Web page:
1. Eon by Greg Bear (and its follow-on, Eternity)
Great sense of wonder SF on the grandest of canvases. The plot seriously holds attention while characterisation is not bad, at least for the major characters.
2. Quarantine by Greg Egan
Cowen prefers "Permutation City", Egan's 'reality is computation' novel (cf Dust Theory), but the many-worlds interpretation of QM is so compelling a setting and the private-eye thriller-based plot so convoluted that I felt compelled to buy this novel twice.
3. The City and the City by China Miéville
Cowan prefers "EmbassyTown" which is clever but, for me, less involving. The City and the City has a most unusual setting, the only novel I've read centred around the social construction of reality - and while the police procedural plotting and characterisation is a bit clunky, the whole book amazes throughout. The idealism of the premise is capped by its superpowered final denouement, a brutal assertion of materialism.
It's shortly to be a four part series on BBC2 (April 6th 2018).
4. Hyperion (and its three successors) by Dan Simmons
Cowan agrees with this choice. The four novels are beautifully written, have cultural depth and immerse the reader. Some of the scenes are truly shocking.
5. Altered Carbon by Richard Morgan
The story of brutal but fundamentally moral Takeshi Kovacs. The successors are good also and complete the exploration of Morgan's interestingly-complex protagonist. Warning: high levels of sex, torture and violence throughout; most characters lacking in personal empathy .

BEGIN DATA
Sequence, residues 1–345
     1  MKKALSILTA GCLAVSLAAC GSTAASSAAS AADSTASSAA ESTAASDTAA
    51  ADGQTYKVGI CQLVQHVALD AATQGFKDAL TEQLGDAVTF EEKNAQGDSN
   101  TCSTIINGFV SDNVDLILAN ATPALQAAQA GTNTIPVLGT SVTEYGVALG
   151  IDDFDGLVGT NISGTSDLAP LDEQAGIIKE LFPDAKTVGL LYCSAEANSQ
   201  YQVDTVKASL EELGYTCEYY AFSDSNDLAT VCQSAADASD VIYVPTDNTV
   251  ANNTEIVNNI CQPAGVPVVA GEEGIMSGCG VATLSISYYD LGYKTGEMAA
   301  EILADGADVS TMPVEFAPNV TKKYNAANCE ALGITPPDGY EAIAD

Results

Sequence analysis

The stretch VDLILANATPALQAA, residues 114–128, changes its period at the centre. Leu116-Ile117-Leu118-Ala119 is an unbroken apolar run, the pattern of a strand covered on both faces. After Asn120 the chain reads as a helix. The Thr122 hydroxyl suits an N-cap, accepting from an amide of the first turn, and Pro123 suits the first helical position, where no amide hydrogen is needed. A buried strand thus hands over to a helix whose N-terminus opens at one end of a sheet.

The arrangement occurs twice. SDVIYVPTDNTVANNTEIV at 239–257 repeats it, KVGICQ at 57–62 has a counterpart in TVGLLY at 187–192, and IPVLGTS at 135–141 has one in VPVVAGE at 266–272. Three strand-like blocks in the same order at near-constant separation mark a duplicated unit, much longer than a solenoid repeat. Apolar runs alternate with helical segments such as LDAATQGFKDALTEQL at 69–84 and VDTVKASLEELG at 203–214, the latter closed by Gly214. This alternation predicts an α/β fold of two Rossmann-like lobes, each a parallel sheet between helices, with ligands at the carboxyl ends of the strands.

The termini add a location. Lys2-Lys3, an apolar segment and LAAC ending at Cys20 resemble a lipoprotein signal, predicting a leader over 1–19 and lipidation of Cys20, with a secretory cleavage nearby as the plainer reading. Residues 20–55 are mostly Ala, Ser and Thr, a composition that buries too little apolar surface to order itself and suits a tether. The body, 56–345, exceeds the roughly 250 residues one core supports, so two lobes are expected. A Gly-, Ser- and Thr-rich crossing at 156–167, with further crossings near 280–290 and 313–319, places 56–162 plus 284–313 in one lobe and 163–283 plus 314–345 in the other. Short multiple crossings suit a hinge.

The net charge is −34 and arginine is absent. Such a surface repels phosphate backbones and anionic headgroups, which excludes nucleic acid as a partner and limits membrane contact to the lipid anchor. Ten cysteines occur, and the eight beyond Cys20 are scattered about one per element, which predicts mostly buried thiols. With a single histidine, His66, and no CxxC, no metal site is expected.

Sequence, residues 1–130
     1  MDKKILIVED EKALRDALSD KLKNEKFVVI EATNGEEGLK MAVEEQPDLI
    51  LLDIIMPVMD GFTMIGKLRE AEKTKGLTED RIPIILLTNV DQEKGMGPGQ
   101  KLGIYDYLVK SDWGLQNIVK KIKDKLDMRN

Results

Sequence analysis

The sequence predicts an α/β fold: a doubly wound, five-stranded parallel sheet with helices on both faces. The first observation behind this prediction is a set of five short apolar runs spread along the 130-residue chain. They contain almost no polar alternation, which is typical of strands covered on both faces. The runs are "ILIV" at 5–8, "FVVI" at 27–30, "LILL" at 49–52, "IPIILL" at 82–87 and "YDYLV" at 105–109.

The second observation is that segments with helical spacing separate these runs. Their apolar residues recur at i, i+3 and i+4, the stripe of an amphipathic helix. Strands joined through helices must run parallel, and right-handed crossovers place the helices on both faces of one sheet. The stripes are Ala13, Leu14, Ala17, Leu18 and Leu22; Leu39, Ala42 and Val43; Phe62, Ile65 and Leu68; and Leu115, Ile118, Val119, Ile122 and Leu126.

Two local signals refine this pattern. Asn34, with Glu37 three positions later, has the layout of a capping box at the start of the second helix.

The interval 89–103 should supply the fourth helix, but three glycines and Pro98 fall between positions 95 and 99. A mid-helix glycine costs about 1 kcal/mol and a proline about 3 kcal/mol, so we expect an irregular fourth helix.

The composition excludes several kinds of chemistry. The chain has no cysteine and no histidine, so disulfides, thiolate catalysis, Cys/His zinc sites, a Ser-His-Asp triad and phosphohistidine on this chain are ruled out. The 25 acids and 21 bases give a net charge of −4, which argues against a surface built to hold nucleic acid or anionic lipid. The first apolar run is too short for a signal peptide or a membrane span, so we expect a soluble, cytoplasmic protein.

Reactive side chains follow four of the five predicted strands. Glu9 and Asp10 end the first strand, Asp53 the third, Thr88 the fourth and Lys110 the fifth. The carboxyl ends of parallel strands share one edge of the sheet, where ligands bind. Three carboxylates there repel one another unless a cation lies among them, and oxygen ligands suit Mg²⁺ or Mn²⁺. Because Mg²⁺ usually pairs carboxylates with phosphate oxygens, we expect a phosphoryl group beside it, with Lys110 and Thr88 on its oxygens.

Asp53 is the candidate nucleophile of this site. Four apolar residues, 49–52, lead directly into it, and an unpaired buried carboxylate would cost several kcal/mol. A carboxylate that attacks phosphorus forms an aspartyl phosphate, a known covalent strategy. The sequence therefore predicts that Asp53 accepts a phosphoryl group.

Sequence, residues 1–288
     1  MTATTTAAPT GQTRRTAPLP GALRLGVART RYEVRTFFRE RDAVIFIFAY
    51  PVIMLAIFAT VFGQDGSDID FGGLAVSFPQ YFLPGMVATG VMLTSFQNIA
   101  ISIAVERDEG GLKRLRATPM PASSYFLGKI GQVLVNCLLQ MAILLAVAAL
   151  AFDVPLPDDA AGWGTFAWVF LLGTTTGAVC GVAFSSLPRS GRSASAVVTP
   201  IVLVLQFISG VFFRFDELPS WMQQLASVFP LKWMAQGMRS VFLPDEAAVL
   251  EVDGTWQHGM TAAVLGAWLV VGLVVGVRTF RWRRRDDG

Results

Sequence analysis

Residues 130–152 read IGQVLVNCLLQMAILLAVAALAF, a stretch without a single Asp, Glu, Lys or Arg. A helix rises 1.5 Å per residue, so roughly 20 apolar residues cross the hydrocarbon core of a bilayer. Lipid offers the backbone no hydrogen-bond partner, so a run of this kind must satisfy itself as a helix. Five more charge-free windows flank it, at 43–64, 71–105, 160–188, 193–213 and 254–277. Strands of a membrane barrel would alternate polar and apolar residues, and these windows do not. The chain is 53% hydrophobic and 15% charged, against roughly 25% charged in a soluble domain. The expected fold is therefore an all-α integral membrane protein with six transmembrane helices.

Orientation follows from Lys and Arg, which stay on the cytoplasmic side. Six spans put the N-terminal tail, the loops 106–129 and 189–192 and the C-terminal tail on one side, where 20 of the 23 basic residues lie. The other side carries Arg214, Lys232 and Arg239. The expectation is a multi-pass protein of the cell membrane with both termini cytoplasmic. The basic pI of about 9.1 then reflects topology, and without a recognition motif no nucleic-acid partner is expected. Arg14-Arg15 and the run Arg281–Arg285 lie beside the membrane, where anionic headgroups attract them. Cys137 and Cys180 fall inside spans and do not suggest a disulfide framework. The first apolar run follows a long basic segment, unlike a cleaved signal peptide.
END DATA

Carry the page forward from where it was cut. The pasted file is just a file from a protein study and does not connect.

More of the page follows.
6. The Mote in God's Eye by Larry Niven and Jerry Pournelle
The writing is clunky but the plot and setting completely compelling. You won't read a better account of first contact. The style is a bracing antidote to a public culture of suffocating high-mindedness.
7. Accelerando by Charles Stross
Hits you hard and then accelerates. A convincing and baroque invocation of the Singularity: never bettered.
8. Mindbridge by Joe Halderman
People usually quote "The Forever War" which is good, but Mindbridge hits more of my buttons.
9. The Reality Dysfunction (and successors) by Peter Hamilton
Hamilton's later door-stoppers have proven tedious, but the Night's Dawn Trilogy brims with energy and inventiveness on the grandest of scales.
10. Tactics of Mistake (and follow-on Dorsai novels) by Gordon R. Dickson
Intelligent and exciting, intricately plotted with overtones of mediaeval chivalry. Loved them all.
11. The Three-Body Problem trilogy by Cixin Liu
The writing may sometimes be rather pedestrian, as Cowen observes, but the three volumes are incredibly inventive.
12. Starship Troopers by Robert Heinlein
Starship Troopers: last but not least. It's the only Heinlein novel which makes the cut for me, impressing by force of conviction. The author profoundly cares about the message of the novel and it's another antidote to contemporary hand-wringing.
Putting aside the occasional bouts of didacticism, it's a great story too.
Solaris is brilliant - I'm also a fan of Lem's other works such as His Master's Voice and The Invincible.
As a child I loved Isaac Asimov's Foundation trilogy and Frank Herbert's Dune sequence but, like Cowan, coming back to them I find they're not brilliantly written.